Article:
Re: Proposed Design Principles updated

At 08:36 AM 4/3/2007 -0700, Maciej Stachowiak wrote:
>On Apr 3, 2007, at 5:41 AM, Murray Maloney wrote:
>>>* Good practice: Separation of content, presentation, interaction
>>>A specification SHOULD allow authors to separate content from both
>>>presentation and interaction concerns.
>>>(Covered by Mostly Semantic Markup, currently disputed.)
>>This design principle is one that I can live with, whereas "Mostly
>>Semantic Markup" is not one that I can live with.
>>I can support a design principle that calls for separation. This is
>>the same principle that has been at play since the earliest days of 
>>markup -- GML,
>>SGML, XML. This is one of the key design principles that led to the 
>>creation of markup.
>>However, the phrase "Mostly Semantic Markup" is overloaded. After all, <b>
>>has semantics and it facilitates for the separation of content and 
>>But I suspect that the proponents of "Mostly Semantic Markup"  aren't saying
>>that they want more <b>-like elements in HTML.
>I'm not sure I understand this. Isn't <b> traditionally considered
>more presentational than semantic? And doesn't it put presentation in
>the content? Seems like both principles lean against adding more <b>- like 
>And it seems to me like we want to avoid <b>-like
>elements. So I'm not sure what the difference is.

Back in the bad old days, documents were coded up in software like Wordstar 
many other text processing packages that locked you into their formats. If 
you wanted
to switch, you would have to convert, which didn't always work so well. 
Back then,
presentation coding, not markup, was intermixed with the content. Very bad.

With the advent of markup technologies, we have been able to separate the 
from the content. That's not to say that <b> is bad. It's just that the 
meaning of <b> is
subject to interpretation. TV Raman and I can both read a text that is 
marked up with <b>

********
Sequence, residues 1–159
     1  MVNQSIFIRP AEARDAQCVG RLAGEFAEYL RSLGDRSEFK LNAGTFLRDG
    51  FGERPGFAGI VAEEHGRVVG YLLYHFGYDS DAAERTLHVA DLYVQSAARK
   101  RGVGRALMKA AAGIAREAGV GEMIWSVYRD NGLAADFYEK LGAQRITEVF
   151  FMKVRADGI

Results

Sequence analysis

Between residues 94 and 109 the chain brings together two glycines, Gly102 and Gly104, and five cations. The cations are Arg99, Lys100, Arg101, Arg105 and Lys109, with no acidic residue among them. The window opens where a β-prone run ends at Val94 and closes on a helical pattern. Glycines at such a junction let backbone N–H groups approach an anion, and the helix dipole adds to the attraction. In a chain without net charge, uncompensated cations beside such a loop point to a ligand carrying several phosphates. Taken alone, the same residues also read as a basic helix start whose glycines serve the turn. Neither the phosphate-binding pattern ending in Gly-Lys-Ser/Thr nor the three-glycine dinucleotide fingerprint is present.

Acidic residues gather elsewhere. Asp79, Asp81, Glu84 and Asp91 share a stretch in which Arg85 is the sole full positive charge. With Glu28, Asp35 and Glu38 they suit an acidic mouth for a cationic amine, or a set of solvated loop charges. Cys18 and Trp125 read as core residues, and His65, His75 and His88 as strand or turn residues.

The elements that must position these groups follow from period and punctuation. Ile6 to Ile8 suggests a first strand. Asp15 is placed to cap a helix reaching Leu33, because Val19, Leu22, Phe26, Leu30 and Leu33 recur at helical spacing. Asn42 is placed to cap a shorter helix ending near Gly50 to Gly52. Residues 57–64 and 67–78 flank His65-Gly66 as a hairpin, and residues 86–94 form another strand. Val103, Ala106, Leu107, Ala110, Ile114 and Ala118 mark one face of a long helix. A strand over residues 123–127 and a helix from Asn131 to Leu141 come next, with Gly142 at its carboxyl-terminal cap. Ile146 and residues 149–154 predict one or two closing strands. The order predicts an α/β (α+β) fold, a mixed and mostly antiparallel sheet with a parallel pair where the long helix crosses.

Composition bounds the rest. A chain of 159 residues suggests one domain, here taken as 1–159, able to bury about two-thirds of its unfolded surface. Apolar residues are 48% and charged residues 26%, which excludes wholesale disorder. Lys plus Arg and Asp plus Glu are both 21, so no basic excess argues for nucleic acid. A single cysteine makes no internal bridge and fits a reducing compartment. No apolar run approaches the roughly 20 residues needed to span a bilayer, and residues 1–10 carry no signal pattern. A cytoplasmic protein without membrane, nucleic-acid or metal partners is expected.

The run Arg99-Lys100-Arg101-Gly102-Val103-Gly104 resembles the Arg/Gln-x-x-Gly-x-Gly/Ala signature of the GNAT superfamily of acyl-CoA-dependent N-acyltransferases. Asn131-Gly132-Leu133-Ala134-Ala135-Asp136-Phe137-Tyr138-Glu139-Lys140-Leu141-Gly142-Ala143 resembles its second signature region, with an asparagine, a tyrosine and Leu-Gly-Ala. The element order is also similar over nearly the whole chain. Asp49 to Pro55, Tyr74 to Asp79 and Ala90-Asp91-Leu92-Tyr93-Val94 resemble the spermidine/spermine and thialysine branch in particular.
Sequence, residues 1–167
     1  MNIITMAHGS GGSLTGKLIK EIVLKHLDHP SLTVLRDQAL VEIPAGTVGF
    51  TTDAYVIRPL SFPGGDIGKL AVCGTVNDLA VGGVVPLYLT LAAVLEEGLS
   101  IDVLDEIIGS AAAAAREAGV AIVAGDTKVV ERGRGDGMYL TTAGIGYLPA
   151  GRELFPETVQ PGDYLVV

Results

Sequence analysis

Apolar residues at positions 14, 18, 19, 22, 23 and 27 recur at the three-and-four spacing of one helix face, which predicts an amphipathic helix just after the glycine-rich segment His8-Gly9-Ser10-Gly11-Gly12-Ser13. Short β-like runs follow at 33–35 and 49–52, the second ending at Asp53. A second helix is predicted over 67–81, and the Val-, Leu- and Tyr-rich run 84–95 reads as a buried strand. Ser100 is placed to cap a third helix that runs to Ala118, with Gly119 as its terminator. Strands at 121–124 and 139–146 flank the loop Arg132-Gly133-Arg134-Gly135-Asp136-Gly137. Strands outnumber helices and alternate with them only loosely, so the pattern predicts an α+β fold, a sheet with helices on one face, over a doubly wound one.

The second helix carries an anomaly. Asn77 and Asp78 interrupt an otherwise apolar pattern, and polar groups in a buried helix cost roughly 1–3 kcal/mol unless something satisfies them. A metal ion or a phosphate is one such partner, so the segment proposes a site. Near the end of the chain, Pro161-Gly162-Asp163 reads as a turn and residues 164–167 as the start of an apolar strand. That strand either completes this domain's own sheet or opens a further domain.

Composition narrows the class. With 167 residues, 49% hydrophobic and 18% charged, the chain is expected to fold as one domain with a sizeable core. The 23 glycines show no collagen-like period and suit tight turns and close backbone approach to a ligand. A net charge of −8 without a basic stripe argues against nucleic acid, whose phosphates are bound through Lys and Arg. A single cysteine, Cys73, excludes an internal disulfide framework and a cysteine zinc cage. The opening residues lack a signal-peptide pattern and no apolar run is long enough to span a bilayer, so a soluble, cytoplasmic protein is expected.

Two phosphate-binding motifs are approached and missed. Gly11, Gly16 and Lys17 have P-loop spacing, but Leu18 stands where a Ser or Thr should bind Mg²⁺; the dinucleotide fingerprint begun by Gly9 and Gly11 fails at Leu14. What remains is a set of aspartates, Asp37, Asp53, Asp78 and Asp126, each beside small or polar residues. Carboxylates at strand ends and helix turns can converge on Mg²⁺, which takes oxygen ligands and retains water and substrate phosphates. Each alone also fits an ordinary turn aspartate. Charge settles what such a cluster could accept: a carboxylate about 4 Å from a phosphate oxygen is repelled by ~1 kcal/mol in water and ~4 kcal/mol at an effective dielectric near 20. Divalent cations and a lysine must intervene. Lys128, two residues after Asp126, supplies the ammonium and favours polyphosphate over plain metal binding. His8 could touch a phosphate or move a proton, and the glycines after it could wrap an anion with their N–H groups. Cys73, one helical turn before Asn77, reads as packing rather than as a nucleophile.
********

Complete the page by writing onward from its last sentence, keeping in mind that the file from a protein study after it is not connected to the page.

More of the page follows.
and our presentation engines aren't REQUIRED to present anything in bold at 
That is, the presentation is actually separate from the content. I can 
write style sheets
to ignore <b> and <i>.

But try to remember that markup was initially devised by publishers and 
who were trying to make their work easier, less prone to error and more 
cost efficient.
As time goes on, it seems that the people who are developing HTML UAs have 
lost touch
with the people who originally wanted to markup documents.

To understand my position you have to realize that I am a technical writer 
by trade.
I have experience with typesetting, printing, publishing, and software 
I have also been involved a more than a few technical working groups over 
the years.
I have debated all of these issues countless times. It's not that I don't 
see your POV.

Yes, I do appreciate the value of semantic elements. I am not for a moment 
that HTML should eschew greater semantics, especially given my recent 
working with Dan Connolly on GRDDL. Please note well that I was a member if 
Davenport Group who created DocBook. I have a lot of experience creating 
document types. I fully appreciate the value of semantic elements.

What I am saying is that the pendulum seems to have swung too far the other 
There is nothing wrong with having elements which convey the author/publisher's
intent to achieve a certain appearance. In fact, I think that we should 
complete the
set once and for all so that people who prefer to use HTML as a delivery format
will be in a better position to stop abusing semantic elements. Perhaps in 
they too will learn the advantages inherent in employing semantic markup.

As I see it, the XHTML2 effort went overboard.

Recent suggestions that an image can stand in for a paragraph is an example of
not separating presentation from content. That is the kind of thing I would 
to see us avoid.

I am hoping that you are closer to seeing my point of view.



Received on Tuesday, 3 April 2007 18:02:09 UTC